Celtics 97, Cavaliers 92
There was an unquestionable mystique about the Celtics in old Boston Garden. Strange things happened there at crucial moments, always in the favor of the Celtics. Key games featured opposing players dribbling off of dead spots on the floor, or famous steals by the likes of Havlicek, Henderson and Bird. By the time the Garden was torn down in 1997, the mystique was gone and the Celtics were just another franchise, albeit with a storied history and plenty of banners hanging from the rafters of the new Fleet Center.
The names changed, but they were still always the Celtics. Russell/Cousy/Sharman bled into Russell/Jones/Havlicek into Havlicek/White/Cowens and, finally, into Bird/Parish/McHale. The successors to the 1980s big three should have been led by Len Bias and Reggie Lewis but tragedy intervened. The line had been broken. After winning 16 championships in 30 years, the Celtics entered this season in search of that elusive 17th banner following 21 seasons of futility.
A lot changed during those 21 years. The Garden closed and the Fleet Center eventually became the new Garden. Red Auerbach died. There was little to mark the Boston NBA franchise as "Celtics" except for the name on the front of the jerseys and the parquet floor. Last season, the franchise hit rock bottom, losing 58 games and finishing at the bottom of the Eastern Conference. Then came the great Danny Ainge makeover of the summer of 2007--K.G., Ray Ray and a terrific bench built on the cheap. Hopes soared in Boston. Commercials were shot. Old Celtics began coming out of the woodwork to be seen at the new Garden. Tom Heinsohn, well, he still grumbled nonstop about referees but he somehow seemed more lovable while doing it. The team won 66 games and established itself as the favorite to win the NBA championship entering the postseason.
Sunday's thrilling Game Seven defeat of LeBron James marked the first time this season that you could get a whiff of that old mystique. Oh, it's not back yet--only a title can wake up those ghosts. Nevertheless, these were the Celtics, in a classic sense, and after 11 mostly grueling years in the league, Paul Pierce may have finally earned his place in the Boston sports pantheon.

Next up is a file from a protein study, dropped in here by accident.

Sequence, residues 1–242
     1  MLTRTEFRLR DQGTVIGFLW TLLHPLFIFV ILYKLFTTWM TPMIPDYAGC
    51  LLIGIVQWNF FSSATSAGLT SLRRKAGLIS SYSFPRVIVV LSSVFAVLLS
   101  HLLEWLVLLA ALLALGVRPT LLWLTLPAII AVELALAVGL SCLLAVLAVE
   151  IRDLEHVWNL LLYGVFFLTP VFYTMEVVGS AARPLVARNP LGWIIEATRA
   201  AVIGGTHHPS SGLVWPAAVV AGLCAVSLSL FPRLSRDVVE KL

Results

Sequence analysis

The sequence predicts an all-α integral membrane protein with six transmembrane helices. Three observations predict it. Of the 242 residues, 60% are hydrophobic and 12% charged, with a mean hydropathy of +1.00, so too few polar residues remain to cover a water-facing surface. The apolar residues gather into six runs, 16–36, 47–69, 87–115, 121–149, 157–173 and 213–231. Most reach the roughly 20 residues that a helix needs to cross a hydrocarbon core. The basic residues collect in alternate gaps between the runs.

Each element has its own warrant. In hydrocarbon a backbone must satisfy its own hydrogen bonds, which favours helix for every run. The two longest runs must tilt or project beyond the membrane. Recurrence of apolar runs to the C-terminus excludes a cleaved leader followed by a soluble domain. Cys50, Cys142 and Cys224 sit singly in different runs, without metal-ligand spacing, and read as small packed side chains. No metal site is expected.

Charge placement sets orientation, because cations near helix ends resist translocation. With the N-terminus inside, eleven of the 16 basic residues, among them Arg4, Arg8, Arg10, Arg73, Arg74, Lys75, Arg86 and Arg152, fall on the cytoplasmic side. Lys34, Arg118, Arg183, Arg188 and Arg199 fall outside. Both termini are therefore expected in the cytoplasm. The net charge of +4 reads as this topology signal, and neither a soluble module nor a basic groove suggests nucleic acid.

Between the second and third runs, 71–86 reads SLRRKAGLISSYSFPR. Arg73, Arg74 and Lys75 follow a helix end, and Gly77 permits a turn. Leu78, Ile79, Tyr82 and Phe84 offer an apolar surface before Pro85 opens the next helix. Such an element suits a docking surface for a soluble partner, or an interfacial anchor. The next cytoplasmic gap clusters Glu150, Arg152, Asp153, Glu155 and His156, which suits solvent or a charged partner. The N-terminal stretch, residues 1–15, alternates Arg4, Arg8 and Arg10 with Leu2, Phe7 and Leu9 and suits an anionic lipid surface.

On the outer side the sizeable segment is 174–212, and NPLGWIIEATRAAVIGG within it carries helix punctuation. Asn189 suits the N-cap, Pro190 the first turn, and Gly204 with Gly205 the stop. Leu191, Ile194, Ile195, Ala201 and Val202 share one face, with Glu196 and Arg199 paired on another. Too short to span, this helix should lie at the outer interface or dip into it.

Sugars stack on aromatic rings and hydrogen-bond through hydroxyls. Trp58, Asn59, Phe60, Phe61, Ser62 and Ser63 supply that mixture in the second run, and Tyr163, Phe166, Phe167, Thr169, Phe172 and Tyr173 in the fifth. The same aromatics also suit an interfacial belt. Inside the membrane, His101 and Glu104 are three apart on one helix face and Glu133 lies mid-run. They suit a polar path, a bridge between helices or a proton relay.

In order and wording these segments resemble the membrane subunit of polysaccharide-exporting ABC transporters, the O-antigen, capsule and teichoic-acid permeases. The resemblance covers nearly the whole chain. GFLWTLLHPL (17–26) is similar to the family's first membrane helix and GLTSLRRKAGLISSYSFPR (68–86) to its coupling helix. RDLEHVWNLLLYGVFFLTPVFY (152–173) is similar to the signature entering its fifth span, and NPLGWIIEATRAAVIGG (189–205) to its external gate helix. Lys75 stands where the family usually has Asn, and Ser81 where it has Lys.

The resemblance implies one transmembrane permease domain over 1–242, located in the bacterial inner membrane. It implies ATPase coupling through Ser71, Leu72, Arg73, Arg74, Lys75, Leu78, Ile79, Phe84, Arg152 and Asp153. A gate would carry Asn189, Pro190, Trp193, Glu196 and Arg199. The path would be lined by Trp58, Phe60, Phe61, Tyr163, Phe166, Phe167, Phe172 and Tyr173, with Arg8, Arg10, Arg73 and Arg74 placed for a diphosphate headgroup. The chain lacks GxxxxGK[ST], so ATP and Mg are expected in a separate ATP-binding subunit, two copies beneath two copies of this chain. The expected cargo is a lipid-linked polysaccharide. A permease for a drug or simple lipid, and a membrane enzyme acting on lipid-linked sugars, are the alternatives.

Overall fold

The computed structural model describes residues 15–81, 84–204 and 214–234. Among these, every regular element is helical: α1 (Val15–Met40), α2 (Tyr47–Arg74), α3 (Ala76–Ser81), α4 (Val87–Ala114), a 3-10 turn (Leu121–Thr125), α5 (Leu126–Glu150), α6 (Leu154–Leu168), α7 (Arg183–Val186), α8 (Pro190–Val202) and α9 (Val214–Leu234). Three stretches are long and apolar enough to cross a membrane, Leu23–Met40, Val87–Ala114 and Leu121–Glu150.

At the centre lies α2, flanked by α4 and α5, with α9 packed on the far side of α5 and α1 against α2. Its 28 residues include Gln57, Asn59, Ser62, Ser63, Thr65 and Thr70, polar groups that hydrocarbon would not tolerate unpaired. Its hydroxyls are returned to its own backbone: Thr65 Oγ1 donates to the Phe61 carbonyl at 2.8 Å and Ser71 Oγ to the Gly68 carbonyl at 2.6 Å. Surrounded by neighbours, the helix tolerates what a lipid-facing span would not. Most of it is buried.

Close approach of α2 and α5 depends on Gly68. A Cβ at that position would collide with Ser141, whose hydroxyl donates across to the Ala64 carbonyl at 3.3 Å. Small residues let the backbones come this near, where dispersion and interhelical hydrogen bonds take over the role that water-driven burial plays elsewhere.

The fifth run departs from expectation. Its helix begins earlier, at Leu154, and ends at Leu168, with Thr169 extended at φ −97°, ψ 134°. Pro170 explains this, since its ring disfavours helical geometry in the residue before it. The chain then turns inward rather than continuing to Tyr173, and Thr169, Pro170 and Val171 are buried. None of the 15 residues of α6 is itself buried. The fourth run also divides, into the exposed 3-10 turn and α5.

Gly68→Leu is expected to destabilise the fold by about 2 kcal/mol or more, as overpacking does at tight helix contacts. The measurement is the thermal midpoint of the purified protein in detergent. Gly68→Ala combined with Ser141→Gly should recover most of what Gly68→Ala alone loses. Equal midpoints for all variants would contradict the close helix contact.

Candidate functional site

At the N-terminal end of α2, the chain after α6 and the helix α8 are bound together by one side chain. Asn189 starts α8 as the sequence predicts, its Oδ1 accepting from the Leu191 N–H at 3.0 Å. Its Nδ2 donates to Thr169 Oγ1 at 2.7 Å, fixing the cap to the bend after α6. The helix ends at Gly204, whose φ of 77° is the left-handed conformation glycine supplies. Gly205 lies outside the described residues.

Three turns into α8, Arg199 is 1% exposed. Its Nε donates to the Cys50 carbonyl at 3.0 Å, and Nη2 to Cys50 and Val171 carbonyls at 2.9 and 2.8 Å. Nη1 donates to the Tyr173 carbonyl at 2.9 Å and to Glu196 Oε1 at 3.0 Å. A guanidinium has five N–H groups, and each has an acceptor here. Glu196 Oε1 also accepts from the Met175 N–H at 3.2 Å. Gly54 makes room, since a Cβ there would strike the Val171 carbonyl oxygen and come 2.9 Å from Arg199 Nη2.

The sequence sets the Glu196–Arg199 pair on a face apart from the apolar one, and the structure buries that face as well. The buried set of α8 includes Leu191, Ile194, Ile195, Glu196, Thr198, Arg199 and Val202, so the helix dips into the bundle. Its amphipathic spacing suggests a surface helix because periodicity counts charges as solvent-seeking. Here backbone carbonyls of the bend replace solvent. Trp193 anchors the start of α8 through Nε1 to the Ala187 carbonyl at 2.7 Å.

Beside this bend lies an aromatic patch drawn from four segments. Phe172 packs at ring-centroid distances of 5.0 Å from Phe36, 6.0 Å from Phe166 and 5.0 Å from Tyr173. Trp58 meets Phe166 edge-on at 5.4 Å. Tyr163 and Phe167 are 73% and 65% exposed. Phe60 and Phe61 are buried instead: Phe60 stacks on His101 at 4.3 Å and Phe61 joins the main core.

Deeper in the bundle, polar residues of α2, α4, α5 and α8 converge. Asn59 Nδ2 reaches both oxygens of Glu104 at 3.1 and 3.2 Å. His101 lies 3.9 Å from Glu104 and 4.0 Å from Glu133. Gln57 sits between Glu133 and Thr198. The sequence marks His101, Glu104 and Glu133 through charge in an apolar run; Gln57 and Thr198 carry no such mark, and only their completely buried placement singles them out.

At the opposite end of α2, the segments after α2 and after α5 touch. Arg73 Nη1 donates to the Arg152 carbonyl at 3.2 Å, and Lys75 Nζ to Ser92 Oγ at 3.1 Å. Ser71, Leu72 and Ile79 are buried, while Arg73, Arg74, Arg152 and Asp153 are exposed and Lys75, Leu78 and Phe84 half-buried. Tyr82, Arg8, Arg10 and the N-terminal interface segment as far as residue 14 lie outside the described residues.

Game Six of this series was bad. Game Seven was a classic. The series as a whole was one of the lowest scoring series in playoff history (at least according play-by-play man Mike Breen) and the quality of basketball being played often left a lot to be desired. On Sunday, however, the Cavaliers and Celtics found themselves in game in which the drama and aesthetics matched the intensity. The game had a rhythm and a pace, and it featured one of the most memorable Game Seven duels we've seen.
The mano y mano battle between Paul Pierce and LeBron James reminded many of the Dominique Wilkins/Larry Bird matchup 20 years ago, when Wilkins scored 47 points only to see his Hawks come up short in a Game Seven at the old Garden thanks to 34 points from Bird--20 in the final quarter. Pierce (41 points) and James (45 points) were even better on Sunday, carrying their respective teams all afternoon. By matching the unmatchable James and willing his team to a series-clinching win, Pierce may have finally established himself as a bonafide Celtic legend. He was already there in terms of tenure and statistics but, in Boston, the ring is the thing. Boston still has two tough series ahead of it but Boston fans are probably looking at Pierce in a different light this morning. I know I am.
The main difference between Pierce in Game Seven and in the rest of the series was, obviously, that he was hitting his shots. He had one of those rhythms going when he knew if he could get any kind of the look at the rim, the ball was going to the bottom of the net. Doc Rivers was smart enough to recognize that and he kept the ball in Pierce's hands most of the afternoon. A more subtle difference in Pierce's play was his quick decision making. Too often in the previous games, the ball would die in Pierce's hands, as he held it out top, allowing the shot clock to wind down, and then would be forced to take a bad shot or make a bad pass. On Sunday, he was much quicker, making a move as soon as he caught the ball, or swinging it to a teammate to keep the offense flowing.